The Texas Republican Party will hold its state convention online this week after losing its battle to host the gathering in person and indoors. The group planned to meet in Houston. The city's mayor canceled the event, citing the pandemic. The party sued for breach of contract but lost.

Texas is seeing an increase of coronavirus cases in Harris County, where the convention would have been held, and leads the state in coronavirus cases.

More now from my CNN colleagues across the country.


TOM FOREMAN, CNN NATIONAL CORRESPONDENT: I'm Tom Foreman, in Washington. Authorities are looking into 43 new cases of coronavirus diagnosed from a large house party in Michigan. Officials say the party took place in the early days of July, and those affected are generally between the ages of 15 and 25 years old. But they are looking far beyond the party at dozens of other people

who came into contact with the people at that party. Some of them in the immediate area, some even states away.

PETE MUNTEAN, CNN AVIATION CORRESPONDENT: I'm Pete Muntean, in Washington. Delta Airlines is scrapping plans to add flights. It was going to fly 1,000 flights in August, now only 500.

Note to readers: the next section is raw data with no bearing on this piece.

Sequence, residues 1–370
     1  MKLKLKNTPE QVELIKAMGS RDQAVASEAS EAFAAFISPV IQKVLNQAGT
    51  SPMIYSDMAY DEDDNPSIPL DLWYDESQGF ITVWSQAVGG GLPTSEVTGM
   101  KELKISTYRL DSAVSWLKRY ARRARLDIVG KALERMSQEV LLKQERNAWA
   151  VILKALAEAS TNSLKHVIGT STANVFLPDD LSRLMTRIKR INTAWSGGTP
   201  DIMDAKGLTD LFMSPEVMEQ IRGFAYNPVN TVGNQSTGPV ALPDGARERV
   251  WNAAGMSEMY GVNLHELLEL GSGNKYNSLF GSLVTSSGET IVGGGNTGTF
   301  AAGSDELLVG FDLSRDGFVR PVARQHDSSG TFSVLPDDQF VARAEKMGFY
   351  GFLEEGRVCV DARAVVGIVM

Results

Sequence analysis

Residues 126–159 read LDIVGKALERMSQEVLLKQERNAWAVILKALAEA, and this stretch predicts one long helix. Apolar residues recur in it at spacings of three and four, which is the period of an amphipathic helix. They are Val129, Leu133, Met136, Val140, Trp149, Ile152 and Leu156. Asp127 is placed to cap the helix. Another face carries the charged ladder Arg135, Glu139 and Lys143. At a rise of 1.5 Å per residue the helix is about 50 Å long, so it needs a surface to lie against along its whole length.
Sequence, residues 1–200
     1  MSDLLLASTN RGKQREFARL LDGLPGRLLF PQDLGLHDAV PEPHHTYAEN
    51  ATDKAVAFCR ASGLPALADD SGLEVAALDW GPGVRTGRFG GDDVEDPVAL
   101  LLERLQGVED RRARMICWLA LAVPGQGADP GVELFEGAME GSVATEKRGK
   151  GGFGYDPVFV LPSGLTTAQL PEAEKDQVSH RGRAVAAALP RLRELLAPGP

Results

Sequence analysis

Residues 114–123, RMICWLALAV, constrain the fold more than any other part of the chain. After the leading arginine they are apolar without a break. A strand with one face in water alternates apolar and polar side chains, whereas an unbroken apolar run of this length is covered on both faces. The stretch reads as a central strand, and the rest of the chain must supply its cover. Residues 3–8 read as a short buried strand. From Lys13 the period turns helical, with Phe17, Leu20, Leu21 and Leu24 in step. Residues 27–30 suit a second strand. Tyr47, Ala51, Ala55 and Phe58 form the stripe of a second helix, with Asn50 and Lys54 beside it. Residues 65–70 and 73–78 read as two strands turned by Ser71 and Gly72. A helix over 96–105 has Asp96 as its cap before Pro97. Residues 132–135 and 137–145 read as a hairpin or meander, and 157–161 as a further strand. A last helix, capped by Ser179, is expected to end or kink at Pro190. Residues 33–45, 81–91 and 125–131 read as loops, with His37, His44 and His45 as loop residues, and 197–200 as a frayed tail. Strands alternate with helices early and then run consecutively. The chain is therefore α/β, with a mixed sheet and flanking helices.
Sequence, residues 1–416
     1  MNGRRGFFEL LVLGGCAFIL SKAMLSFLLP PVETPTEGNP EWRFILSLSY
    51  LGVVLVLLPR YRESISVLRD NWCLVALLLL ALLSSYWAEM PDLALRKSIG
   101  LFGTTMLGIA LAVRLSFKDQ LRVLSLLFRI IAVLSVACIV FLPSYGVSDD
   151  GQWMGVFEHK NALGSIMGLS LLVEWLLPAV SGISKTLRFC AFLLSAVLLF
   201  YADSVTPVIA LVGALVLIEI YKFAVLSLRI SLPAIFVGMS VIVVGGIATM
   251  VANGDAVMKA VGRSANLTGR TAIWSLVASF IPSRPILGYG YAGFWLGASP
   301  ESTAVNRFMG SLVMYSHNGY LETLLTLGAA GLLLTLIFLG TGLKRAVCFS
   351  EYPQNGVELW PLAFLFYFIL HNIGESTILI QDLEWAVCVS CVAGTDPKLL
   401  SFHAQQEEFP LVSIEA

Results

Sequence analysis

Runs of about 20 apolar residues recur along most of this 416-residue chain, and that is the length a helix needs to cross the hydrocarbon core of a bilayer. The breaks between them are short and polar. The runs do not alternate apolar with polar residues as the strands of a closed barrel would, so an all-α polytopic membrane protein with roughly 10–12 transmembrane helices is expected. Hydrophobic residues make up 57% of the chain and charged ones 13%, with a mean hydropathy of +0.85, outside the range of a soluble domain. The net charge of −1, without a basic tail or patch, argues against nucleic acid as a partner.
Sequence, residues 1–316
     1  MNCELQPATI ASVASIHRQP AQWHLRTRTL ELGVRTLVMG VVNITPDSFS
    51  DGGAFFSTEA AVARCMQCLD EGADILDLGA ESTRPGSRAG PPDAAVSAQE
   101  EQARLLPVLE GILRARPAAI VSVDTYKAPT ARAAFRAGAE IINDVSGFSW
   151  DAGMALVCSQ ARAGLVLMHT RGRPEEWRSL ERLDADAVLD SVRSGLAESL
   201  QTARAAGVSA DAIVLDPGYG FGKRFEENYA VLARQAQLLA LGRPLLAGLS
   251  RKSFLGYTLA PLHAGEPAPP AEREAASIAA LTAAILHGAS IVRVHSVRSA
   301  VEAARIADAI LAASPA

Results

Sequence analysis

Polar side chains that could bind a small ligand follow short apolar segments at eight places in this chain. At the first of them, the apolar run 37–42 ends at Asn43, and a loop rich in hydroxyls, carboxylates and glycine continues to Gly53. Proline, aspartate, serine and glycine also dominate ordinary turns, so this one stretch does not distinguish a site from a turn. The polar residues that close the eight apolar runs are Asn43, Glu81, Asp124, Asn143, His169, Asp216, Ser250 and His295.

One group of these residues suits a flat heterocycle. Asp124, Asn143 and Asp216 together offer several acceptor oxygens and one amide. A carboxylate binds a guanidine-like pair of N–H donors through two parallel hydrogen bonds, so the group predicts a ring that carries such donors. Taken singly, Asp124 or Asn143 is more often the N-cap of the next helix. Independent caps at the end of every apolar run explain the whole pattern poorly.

Demand for flying has leveled off as coronavirus cases have surged across the country. And passengers are understandably jittery.

After a Delta flight last week, three passengers tested positive for coronavirus. Health officials in Upstate New York now say those passengers were health care workers.

CRISTINA ALESCI, CNN BUSINESS & POLITICS CORRESPONDENT: I'm Cristina Alesci, in New York. Walmart CEO is floating the idea of a national mask mandate for all of its stores in the U.S.

Right now, the company only requires masks in the 3,700 locations where state and local governments mandate them. The change, if enacted, would apply to 1,000 additional stores in the U.S.